Charleston, South Carolina Here We Come...Part 2

Charleston Travel Blog

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From Santee we took the Interstate 95 southbound then the Interstate 26 eastbound to Charleston.  Our first stop...Fort Sumter National Monument.  There was no entrance fee to the monument but there was a fee of $14 per person for boat transportation to the actual fort located at the entrance of Charleston Harbor.  Since our departure from time from Liberty Square was at noon, we decided to roam around downtown Charleston.

We headed south of Liberty Square  on Concord Street to Waterfront Park.  Waterfront Park, as the name suggests, lies on along Chareleston Harbor.  The park's locale is a great vantage point to view boats speeding across the harbor.  It is a lovely city park with beautiful fountains, grassy green lawns, palm-tree lined walkways, old-fashioned park benches, and pier. 

Further south of Waterfront Park is The Battery.  The Battery, also known as White Point Gardens has views of Fort Sumter and Charleston Habor.  White Point Gardens is another lovely park with a gazebo shaded by oak trees and military artifacts.  Around the Battery are beautiful homes some Greek Revival, some Victorian, while others are historical and are open to guided tours like the Edmondston-Alston House.   Unfortunately, we didn't have time to tour any of the historic homes.  We did take however take a brief stroll along the waterfront and enjoy the cooling breeze. 
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Our transportation to Fort Sumter

To get to Fort Sumter, we booked our boat ride from Liberty Square with Spiritline Cruises.  As the boat zipped across Charleston Harbor, the salty ocean air became a natural air conditioner which was a welcomed relief from the stifling southern humidity and midday sun.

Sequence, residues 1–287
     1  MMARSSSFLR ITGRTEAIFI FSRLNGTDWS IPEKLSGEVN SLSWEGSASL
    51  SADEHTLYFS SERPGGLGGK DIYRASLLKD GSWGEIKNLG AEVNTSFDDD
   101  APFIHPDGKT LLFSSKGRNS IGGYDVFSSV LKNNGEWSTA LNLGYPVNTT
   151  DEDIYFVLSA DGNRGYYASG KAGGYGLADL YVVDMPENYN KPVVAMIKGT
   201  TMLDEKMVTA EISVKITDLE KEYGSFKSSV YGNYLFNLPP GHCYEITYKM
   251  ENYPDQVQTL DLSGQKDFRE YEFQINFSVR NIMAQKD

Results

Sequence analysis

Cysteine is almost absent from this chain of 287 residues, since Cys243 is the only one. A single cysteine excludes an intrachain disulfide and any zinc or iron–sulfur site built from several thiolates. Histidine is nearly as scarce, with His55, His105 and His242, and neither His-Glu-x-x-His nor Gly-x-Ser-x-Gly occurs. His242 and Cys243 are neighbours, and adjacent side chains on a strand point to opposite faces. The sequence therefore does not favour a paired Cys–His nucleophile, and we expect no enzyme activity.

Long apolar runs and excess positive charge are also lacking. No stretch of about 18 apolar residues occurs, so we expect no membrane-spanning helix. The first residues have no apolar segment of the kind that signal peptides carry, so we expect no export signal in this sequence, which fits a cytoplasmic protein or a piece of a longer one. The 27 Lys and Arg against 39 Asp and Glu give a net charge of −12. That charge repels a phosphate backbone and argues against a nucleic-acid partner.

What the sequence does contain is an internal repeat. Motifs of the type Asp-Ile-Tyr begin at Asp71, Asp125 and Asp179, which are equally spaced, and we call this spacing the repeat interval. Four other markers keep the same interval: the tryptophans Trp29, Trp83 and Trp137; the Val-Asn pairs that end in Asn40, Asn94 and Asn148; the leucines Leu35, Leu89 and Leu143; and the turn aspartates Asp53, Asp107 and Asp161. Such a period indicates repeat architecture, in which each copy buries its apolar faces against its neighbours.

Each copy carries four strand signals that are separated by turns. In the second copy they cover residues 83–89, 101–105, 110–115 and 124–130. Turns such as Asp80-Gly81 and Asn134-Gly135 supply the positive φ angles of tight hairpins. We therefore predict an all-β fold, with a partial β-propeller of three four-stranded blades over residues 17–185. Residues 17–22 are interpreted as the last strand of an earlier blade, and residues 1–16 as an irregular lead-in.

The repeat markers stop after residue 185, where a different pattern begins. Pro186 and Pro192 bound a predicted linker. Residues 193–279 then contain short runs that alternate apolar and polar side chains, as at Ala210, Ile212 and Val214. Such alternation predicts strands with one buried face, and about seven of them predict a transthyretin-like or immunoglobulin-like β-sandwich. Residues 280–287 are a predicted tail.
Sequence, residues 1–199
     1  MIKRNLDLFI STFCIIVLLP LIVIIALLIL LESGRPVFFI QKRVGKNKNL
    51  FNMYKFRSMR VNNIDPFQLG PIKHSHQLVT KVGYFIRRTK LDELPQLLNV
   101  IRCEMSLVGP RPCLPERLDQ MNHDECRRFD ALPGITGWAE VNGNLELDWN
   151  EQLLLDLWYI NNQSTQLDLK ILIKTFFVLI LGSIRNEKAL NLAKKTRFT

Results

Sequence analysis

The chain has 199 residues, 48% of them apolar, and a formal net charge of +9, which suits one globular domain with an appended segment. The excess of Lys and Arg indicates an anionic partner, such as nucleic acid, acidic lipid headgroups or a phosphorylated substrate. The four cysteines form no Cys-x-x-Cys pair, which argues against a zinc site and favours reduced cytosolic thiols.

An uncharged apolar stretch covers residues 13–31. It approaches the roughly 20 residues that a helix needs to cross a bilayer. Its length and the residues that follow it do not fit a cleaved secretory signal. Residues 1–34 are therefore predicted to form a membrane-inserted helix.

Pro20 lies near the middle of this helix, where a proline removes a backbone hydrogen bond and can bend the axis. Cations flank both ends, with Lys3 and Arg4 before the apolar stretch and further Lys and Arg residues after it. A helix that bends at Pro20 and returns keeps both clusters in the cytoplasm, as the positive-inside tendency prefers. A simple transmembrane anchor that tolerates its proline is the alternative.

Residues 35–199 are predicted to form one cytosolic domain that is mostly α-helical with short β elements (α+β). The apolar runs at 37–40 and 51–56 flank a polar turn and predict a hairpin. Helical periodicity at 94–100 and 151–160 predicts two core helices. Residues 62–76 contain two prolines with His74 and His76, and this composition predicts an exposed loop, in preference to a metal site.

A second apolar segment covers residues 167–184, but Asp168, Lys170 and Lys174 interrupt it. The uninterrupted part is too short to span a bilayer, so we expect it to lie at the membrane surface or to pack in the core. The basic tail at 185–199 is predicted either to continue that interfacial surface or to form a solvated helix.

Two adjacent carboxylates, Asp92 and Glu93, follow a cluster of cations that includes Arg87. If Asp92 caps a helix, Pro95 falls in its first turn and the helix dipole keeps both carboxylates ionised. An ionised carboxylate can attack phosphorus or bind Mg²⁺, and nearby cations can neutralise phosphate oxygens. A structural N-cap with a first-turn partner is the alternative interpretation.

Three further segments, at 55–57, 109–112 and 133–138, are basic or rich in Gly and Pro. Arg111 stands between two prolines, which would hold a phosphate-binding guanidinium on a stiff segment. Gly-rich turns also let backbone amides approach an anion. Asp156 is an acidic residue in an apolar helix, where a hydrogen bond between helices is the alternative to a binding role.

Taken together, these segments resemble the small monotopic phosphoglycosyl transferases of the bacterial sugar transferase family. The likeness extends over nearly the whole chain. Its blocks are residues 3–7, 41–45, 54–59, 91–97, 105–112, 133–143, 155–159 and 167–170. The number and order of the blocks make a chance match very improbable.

Fort Sumter was named after Thomas Sumter, a South Carolina patriot of the Revolutionary War.  Construction of the fort began in 1829 to fortify the US coastline after the War of 1812.  The fort rests on a man-made island, made from New England granite, at the mouth of Charleston Harbor.  The fort has five sides and was made of brick walls five feet thick with lengths ranging from 170 to 190 feet and a height of 50 feet above low tide.

  By design, Fort Sumter was able to hold 135 guns and a garrison of 650 men.  On December 26th 1860, the fort was only 90% complete when Major Robert Anderson of the “Union” forces secretly took command of Fort Sumter.  

 

Fort Sumter has the special place in American history of being the locale where the first shots of the Civil War were fired, on April 12, 1861.  

 

After departing the boat, we walked through Sally Port and through the Left-Flank Casemates.  From the casemates (gunrooms) we walked to the ruins of Men’s Barracks and the Officer’s Quarters.  A museum on the fort grounds displays Civil War relics.  Six flags fly over the fort:  U.S. flag with 50 stars, U.S. flag from 1865 with 35 stars, the South Carolina state flag, the first Confederate flag from 1861, and U.S flag from 1861 with 33 stars.  Plus there are several cannons positioned around the fort grounds. 

Our transportation to Fort Sumter
Our transportation to Fort Sumter
Arthur Ravenel Jr. Bridge is the l…
Arthur Ravenel Jr. Bridge is the …
Fort Sumter
Fort Sumter
Flags flying over Fort Sumter
Flags flying over Fort Sumter
I have a special knack for blinkin…
I have a special knack for blinki…
Another fountain at Waterfront Par…
Another fountain at Waterfront Pa…
Another fountain at Waterfront Par…
Another fountain at Waterfront Pa…
I dont mind getting my feet wet!
I don't mind getting my feet wet!
Waterwings!
Waterwings!
Charleston
photo by: denisx